TalkTalk chief executive Dido Harding, who had the dubious honour of presiding over a brand which some claim will be forever be associated with lax data security, is stepping down after what she decribed as “seven extraordinary and fulfilling years”.
Harding, who will leave the company in May, said she wants to focus on “more activities in public service”; she is a member of the House of Lords, non-executive director of the Bank of England and a trustee of digital inclusion charity Doteveryone.
Having started her career at management consultancy McKinsey, Harding then held a number of marketing and commercial roles at Thomas Cook Woolworths, Tesco and Sainsbury’s. She was named CEO of TalkTalk in 2010, a year after it acquired Tiscali UK.
The company has never exactly been blessed with good PR; it has consistently topped the Ofcom complaints league, while in 2011 it was forced to shell out £5.5m – including fines and goodwill payments – after a major billing cock-up saw thousands of customers overcharged.
Two years later it was hit with a £750,000 Ofcom fine for a marketing campaign which resulted in 9,000 silent and abandoned calls.
But the worst was yet to come; in October 2015 TalkTalk suffered what the then Information Commissioner Christopher Graham branded a “car crash” data breach, losing 15,600 bank account numbers and sort codes in a mass hack attack.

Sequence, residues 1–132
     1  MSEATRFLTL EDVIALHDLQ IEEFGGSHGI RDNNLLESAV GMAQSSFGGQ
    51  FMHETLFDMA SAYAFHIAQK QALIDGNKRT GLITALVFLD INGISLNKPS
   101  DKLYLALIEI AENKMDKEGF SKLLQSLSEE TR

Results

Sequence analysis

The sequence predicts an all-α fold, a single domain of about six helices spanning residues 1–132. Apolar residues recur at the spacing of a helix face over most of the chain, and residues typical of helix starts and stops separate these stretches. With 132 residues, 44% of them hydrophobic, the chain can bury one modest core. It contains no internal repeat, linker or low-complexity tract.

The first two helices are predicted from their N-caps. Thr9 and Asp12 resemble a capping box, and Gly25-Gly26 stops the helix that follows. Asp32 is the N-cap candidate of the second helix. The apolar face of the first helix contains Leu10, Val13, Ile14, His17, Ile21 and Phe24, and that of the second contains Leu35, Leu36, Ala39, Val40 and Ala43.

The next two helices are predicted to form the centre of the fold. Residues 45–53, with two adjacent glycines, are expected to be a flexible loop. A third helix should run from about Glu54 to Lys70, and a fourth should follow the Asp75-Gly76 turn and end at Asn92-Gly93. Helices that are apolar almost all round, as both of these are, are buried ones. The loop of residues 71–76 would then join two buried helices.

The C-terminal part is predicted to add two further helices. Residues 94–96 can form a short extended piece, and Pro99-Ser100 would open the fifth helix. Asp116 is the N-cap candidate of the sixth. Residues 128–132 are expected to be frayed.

At the time, Harding insisted TalkTalk was simply being used as a punchball, but an ICO investigation went on to rule that security failings had allowed hackers to access sensitive customer data direct from its systems “with ease”. Cue another fine, this time of £400,000. However, this is dwarfed by the estimated £60m final bill for the breach.
At TalkTalk, Harding will be replaced by managing director Tristia Harrison, while Charles Blingh will take up the role of chief operating officer. Both have been on the TalkTalk board since 2014.
The company has also announced that founder Charles Dunstone will become executive chairman, after leaving his role as chairman of Dixons Carphone in May this year.
Harding said: “After seven extraordinary and fulfilling years, during which we have transformed TalkTalk’s customer experience and laid the foundations for long term growth, I’ve decided it’s time for me to start handing over the reins at TalkTalk and focus more on my activities in public service.”
She continued: “I am very proud to be handing over to the next generation of TalkTalk leadership who, together with Charles, have played such an integral part in the success of the business to date.”
TalkTalk’s latest trading update reveals it had lost 42,00 broadband customers and 31,000 TV customers with revenues sliding from £459m to £435m year-on-year.
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